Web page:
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Thank you, Alana. 🥰
To be completely honest and transparent, I too deal with the competition, envy, jealousy feelings. It doesn’t come from harsh evaluation standards; It’s just a natural tendency to analyze myself compared to others. I have to consciously tell myself that I’m not in a race or war. This is why I purposefully work at making my ideas free to all and try to give credit to others. It is like a work out; a psychological exercise for me to NOT hold back. I liked your metaphor with the candle. I’ll add to it. (And, that is part of my philosophy of education: Add to each other. Make each other shine that much brighter.) But here is my addition: When other candles are extinguished, your flame only APPEARS to glow brighter. The actual flame intensity is still the same. It is just that the DARKNESS IS GROWING. Your flame will now have to work that much harder to light the room. Everyone will have to squint that much more to read, sharing your little light. Yes people will be drawn to your flame, because it is the only one available, but how much better would it be to have a room FULL of light, so bright that everyone can read comfortably? Now, we can all get so much more done! Working together, collaborating, supporting one another; That is the way to go!! Thanks for posting such a beautiful message. It was thought-provoking and insightful.
Matt, thank you for being open and honest about competition in your life. It runs through many people and work places. I am very competitive, so I have a natural tendency to share your same feelings as well. I really connected with you on how you mentioned you fight against these feelings by sharing and giving credit where needed. Bravo! We should all be practicing this same exercise daily. It gives me such joy to celebrate others! I agree with you that one candle shining alone, isn’t brighter, it just has to work harder to brighten the room. It’s just a lonely overworked candle.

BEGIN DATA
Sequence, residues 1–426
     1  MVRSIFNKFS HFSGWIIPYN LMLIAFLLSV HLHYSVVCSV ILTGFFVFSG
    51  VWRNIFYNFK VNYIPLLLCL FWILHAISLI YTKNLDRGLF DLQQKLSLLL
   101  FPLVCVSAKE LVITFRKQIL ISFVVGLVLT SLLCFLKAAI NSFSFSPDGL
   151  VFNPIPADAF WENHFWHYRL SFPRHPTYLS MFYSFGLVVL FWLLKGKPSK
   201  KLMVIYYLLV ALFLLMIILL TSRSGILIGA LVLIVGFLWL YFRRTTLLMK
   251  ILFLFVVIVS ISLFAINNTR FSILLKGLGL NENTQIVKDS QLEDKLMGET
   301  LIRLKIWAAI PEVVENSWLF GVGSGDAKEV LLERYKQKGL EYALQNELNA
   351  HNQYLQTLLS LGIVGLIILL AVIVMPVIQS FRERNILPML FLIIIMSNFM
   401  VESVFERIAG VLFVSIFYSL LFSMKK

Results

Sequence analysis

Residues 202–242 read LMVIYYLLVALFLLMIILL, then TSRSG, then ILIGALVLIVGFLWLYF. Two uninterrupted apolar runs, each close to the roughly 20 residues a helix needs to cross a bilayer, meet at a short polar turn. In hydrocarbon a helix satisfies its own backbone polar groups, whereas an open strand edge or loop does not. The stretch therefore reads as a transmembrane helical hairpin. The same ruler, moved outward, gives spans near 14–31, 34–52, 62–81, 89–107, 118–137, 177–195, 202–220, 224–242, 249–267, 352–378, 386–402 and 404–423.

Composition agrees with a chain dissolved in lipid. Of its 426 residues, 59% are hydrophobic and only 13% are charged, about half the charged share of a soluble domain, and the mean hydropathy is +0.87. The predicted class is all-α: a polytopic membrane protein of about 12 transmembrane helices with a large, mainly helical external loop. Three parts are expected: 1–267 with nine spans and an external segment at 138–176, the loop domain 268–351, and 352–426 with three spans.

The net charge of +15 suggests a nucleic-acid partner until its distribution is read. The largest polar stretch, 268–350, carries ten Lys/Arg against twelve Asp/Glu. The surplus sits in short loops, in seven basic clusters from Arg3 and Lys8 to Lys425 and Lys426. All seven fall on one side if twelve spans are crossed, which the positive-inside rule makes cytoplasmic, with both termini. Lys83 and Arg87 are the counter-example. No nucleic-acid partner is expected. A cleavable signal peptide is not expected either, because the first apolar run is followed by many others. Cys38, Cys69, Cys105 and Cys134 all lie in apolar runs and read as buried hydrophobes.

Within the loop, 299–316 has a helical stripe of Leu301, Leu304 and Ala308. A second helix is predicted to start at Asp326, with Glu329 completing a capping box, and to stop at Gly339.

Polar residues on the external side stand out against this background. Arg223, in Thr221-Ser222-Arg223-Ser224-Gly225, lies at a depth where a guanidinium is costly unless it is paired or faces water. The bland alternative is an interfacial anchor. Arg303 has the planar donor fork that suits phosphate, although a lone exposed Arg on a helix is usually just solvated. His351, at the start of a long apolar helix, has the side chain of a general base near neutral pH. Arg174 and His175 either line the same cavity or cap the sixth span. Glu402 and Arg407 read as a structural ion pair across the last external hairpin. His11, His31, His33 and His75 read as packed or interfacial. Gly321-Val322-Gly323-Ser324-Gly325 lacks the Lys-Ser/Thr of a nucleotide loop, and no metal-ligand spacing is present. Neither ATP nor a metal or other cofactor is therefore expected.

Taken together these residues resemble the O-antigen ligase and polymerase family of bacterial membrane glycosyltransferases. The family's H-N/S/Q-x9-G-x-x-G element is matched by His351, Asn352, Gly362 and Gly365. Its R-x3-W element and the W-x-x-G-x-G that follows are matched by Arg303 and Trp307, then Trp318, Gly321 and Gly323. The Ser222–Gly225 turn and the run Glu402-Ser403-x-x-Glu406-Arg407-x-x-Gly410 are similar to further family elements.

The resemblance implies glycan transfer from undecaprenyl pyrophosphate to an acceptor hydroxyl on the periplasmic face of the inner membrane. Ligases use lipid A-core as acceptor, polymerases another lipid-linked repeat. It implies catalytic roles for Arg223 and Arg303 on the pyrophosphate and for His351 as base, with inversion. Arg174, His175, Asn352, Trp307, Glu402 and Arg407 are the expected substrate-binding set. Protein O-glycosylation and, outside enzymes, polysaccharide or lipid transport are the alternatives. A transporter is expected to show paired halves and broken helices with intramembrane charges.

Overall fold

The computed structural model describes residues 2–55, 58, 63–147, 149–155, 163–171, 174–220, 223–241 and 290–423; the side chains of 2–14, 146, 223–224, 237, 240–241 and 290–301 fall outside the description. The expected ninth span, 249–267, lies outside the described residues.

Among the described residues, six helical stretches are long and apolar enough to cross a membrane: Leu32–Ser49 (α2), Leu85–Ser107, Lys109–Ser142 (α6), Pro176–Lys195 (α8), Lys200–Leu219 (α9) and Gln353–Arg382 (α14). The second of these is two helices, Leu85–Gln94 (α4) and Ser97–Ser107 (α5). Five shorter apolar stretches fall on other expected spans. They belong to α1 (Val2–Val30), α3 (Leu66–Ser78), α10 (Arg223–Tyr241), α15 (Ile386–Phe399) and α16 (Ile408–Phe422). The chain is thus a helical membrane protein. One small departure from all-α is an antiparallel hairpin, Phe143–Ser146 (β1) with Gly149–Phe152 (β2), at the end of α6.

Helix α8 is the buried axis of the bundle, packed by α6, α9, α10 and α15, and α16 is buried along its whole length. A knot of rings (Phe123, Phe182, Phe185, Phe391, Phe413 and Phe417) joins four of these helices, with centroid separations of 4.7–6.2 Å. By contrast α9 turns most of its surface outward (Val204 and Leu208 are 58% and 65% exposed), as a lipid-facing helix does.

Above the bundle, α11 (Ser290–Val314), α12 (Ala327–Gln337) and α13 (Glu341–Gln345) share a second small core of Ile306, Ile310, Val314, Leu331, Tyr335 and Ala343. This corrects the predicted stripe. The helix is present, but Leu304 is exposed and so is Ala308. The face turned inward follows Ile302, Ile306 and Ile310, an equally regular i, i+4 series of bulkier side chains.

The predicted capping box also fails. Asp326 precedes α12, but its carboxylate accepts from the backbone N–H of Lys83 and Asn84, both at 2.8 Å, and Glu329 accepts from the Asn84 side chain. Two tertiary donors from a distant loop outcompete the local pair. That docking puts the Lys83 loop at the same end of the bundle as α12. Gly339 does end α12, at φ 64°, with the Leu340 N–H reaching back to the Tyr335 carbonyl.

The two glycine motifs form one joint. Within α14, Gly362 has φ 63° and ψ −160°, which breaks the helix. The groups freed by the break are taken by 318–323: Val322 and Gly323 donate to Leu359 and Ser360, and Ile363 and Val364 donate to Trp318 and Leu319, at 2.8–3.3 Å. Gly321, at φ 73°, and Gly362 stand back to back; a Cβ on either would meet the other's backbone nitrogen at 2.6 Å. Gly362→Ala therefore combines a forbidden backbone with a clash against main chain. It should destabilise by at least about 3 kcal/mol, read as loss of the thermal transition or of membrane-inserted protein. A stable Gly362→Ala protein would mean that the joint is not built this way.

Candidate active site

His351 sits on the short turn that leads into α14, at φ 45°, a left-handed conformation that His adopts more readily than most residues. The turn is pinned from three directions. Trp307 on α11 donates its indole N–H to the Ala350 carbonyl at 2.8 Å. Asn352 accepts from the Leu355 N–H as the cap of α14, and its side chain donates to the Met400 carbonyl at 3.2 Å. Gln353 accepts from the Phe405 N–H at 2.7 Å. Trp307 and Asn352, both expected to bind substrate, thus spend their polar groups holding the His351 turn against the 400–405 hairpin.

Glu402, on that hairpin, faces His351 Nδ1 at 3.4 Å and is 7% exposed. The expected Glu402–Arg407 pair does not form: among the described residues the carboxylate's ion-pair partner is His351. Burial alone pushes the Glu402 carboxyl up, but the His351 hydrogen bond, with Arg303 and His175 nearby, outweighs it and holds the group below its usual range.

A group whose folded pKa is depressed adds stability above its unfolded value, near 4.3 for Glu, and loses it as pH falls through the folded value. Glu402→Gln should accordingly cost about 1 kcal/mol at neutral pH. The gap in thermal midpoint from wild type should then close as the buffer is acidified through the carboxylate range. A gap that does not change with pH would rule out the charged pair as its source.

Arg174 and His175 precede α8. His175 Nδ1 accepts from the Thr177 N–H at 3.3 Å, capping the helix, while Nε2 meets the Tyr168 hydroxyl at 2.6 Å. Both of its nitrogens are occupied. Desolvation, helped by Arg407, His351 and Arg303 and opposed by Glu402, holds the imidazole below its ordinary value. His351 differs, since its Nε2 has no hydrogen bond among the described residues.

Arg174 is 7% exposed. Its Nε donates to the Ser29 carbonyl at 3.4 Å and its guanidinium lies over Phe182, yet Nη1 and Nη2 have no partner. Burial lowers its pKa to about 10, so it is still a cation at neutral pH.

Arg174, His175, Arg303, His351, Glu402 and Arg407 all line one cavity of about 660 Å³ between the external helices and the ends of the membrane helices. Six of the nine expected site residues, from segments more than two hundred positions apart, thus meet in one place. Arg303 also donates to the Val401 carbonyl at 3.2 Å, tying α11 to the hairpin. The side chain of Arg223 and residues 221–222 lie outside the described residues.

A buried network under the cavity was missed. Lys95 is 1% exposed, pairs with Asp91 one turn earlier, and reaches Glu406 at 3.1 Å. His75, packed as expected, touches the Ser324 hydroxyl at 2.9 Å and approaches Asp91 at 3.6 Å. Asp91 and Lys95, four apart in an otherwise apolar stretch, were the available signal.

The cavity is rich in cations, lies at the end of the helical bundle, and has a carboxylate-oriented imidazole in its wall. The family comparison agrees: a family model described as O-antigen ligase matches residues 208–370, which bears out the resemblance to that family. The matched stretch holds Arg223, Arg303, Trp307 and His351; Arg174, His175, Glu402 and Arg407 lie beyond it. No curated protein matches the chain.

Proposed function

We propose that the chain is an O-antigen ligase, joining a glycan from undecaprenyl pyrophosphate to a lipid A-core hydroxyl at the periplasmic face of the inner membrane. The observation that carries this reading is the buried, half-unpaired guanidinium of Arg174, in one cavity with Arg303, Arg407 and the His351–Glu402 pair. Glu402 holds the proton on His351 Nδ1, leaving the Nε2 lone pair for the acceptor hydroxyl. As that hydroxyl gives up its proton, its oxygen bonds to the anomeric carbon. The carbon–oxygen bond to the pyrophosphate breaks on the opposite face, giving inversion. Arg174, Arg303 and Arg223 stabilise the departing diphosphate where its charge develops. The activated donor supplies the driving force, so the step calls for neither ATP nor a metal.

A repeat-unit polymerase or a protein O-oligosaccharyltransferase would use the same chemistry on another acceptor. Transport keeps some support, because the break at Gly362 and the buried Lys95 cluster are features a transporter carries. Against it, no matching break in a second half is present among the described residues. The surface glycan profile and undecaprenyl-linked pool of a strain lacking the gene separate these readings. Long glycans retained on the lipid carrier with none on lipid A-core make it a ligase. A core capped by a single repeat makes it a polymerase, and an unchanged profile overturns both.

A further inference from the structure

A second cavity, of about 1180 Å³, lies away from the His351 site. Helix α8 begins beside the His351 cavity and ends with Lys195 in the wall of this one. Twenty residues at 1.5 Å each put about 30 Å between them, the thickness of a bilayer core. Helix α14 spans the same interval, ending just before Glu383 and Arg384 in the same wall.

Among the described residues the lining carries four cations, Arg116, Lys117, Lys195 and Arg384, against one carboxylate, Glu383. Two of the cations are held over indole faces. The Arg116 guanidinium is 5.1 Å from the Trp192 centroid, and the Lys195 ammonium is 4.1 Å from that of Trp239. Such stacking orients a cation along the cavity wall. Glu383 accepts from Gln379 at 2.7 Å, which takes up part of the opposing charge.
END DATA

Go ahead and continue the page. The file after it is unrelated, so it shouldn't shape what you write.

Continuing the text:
If we all are shining, it will look like the sun is our source of light! ☀️
Matt, I appreciate you so much! Thank you!
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Beautiful piece friend! I am honored and blessed to call you my teaching partner and friend!! Looking forward to many collaborative moments with you!!
I’m so blessed as well. You and Jenni are incredible sharers, supporters, collaborators! True professionals and friends. 🥰 We are lucky to work in a school where kids come first!
Kellie! #1: every time I hit the publish button or submit a piece of writing, I panic p, and I wonder WHY I keep doing it! But, I do. You need to as well. #2: Your honest words are ones we can all relate to. I hAve a similar story also to do with evaluation changes and a terrible supervisor — who I think was intimidated by me, so she made my life miserable. At the end of the year, I came very close to retiring early because technically, I could — but, like you, medical benefits kept me in the game for financial reasons. During that summer before returning, I also questioned myself trying to remember why I quit my long-term, lucrative, first career to teach! The KIDS! It’s always about the KIDS! September came, and to my surprise, so did a new supervisor. I was taking my power back. I returned to my room with smile and re-connected with those peers in my PLC. No more competing, crying, stressing! I returned to doing what was right for kids! I happily taught another three years until retirement! The power is always within us to stick to our convictions! Proud of you on so many levels! 😘
Jeri, you have been an inspiration and role model for me as I continue to grow in education. Thank you! And thank you for being open in sharing your story. Knowing I’m not alone gives me strength to keep walking one step in front of the other, being vulnerable, and being honest with who I am. As you said, we have the power over our thoughts and mindset! We get to decide how we see and handle life. I’m choosing positivity, kindness, and support to others. ❤️ Thank you, Jeri!